Imagine one list with 1 all day meeting and the other with meetings every hour. The first overlaps works just fine, but the all day meeting started first and if you advance that list your search is ended prematurely.

If you advance the list which has the earlier ending meeting you will be fine since that meeting ends before the other list's next item starts, you won't miss any overlaps.

int meet1 = 0;
int meet2 = 0;

while (meet1 < list1.Count && meet2 < list2.Count) {
if (intersects(list1[meet1], list2[meet2]) {
}
if (list1[meet1].endTime < list2[meet2].endTime) {
++meet1;
} else {
++meet2;
}
}


(feel free to edit and flesh this out)

• @RyanHeitner fixed Dec 14, 2018 at 5:10

I would make the MeetingList simpler and take both conditions out of the if for better maintainability:

public class IntersectingMeetings
{
public static List<Meeting> FindInterSections(MeetingList meetingList1, MeetingList meetingList2)
{
meetingList1.Sort();
meetingList2.Sort();
List<Meeting> intersectingList = new List<Meeting>();
foreach (var first in meetingList1)
{
foreach (var second in meetingList2)
{
bool case1 = (first.StartTime >= second.StartTime && first.EndTime <= second.EndTime);
bool case2 = (second.StartTime >= first.StartTime && second.EndTime <= first.EndTime);

if (case1 || case2)
{
}
}
}
return intersectingList;
}
}

public class MeetingList : List<Meeting>
{
public void AddMeeting(int start, int end)
{
}
}


If you don't count the "sorting of the lists" itself, you can iterate through both lists at the same time in a loop (while, not foreach) and only once which would be O(M+N) or even less: O(M+N) is a maximum, for "good sets" it can go as low as O(M) or O(N) depending on overlaps (thanks for pointing that out in the comments)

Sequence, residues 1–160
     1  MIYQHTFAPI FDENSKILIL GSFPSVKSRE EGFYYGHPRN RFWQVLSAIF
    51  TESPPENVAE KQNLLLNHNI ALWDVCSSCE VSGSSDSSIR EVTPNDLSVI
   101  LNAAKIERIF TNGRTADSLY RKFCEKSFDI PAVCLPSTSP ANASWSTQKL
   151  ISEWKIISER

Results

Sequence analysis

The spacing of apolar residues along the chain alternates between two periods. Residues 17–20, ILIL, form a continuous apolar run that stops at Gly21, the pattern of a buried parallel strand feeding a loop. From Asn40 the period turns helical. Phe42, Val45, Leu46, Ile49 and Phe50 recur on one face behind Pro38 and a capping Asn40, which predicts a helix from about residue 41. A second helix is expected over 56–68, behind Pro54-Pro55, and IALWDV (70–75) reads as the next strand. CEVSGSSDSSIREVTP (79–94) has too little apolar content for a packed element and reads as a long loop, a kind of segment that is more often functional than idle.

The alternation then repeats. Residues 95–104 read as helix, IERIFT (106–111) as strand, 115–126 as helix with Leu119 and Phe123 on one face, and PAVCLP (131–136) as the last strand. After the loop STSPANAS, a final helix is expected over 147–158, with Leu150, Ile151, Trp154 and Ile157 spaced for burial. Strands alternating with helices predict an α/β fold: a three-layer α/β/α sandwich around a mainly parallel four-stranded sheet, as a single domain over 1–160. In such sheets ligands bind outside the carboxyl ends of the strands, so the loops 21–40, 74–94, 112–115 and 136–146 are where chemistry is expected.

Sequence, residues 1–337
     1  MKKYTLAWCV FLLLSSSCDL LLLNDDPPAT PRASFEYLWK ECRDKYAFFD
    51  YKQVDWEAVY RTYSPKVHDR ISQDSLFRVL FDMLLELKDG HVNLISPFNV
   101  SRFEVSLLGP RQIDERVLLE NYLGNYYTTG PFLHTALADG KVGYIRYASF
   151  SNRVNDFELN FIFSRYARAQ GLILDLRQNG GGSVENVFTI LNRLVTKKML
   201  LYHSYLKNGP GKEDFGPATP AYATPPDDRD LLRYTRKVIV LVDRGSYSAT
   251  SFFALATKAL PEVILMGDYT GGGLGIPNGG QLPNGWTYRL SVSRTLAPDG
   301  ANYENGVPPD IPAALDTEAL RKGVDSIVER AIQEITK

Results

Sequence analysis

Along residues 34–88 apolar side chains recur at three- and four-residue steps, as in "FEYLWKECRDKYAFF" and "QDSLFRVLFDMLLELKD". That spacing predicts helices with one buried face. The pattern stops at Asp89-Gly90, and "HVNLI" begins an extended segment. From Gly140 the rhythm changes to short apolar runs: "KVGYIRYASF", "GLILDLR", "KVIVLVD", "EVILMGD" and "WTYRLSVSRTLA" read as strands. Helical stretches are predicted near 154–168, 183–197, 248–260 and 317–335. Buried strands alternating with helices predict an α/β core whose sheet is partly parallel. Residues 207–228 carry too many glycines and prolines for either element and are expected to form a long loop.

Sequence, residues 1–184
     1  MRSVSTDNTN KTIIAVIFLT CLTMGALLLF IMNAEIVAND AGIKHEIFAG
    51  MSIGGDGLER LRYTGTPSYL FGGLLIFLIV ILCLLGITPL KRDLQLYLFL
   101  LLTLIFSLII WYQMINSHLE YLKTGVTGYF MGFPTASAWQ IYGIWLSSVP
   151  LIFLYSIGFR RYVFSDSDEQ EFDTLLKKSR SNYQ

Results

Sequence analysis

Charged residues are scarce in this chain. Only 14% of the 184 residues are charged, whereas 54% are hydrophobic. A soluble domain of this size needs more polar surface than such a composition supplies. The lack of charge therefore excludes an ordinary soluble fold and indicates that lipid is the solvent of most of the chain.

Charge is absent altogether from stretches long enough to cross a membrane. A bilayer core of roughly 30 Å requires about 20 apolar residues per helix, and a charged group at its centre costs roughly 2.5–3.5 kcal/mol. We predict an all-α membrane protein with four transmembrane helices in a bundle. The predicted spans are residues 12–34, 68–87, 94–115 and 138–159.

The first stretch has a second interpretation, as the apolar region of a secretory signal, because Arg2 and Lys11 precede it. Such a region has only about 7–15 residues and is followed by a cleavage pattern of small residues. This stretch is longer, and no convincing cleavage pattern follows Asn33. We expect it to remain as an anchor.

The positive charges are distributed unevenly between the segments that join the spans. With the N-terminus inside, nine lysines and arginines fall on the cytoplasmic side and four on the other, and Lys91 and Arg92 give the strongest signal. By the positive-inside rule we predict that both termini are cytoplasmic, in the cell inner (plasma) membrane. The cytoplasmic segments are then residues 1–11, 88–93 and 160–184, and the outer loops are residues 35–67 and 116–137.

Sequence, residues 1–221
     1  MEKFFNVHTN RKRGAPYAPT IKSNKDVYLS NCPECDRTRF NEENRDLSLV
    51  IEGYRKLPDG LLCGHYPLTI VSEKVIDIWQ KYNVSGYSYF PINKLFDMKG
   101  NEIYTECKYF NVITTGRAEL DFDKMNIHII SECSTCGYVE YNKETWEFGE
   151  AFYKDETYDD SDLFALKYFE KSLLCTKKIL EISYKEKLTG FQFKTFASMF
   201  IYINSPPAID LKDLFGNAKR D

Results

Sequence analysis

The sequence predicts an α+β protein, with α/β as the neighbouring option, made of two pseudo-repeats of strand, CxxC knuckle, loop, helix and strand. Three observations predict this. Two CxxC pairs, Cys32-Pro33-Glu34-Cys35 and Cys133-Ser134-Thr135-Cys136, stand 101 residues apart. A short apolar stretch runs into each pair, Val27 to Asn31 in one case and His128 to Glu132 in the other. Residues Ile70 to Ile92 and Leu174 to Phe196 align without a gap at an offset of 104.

It's too late here for a complete code, but here's a rundown with some pseudocode (comparison methods) to show the algorithm I would use... (EDIT2: Updated the comparison and validated it against several overlapping scenarios. The "isBefore" was a bit sketchy - "end is before other end" should do the trick)

I still don't think there is a much faster solution... LINQ might make it more "versatile" but certainly not "more efficient" IMHO - with all that method calling in between...

index1 = 0;
index2 = 0;

// as soon as the first list is exhausted, there can be no more overlaps
while (index1 < list1.Count && index2 < list2.Count)
{
// check for overlapping timeframe in either direction...
if (list1[index1].StartTime < list2[index2].EndTime &&
list1[index1].EndTime > list2[index2].StartTime)
{
// overlaps - do whatever...
}

// Advance the one list that has the "older" ending time,
// doesn't matter whicht if both are equal.
if (list1[index1].EndTime < list2[index2].EndTime)
index1++;
else
index2++;
}

• It actually will be O(min(m,n)) :)
– sha
Dec 7, 2014 at 0:36
• @sha Only one of index1 or index2 is incremented so in the worst case one list reaches the end and the other is just shy of its end. O(M + N). Dec 7, 2014 at 3:59
• isBefore will miss some intersections. list1=[(2,3),(4,5)] list2=[(1,5)] would fail to find the overlap between (4,5) and (1,5). Dec 7, 2014 at 6:21
• Interesting... I shall have to look into a more precise definition of that. I'm still certain it can be done by only going through the sorted lists once, as I did that before. Dec 10, 2014 at 17:12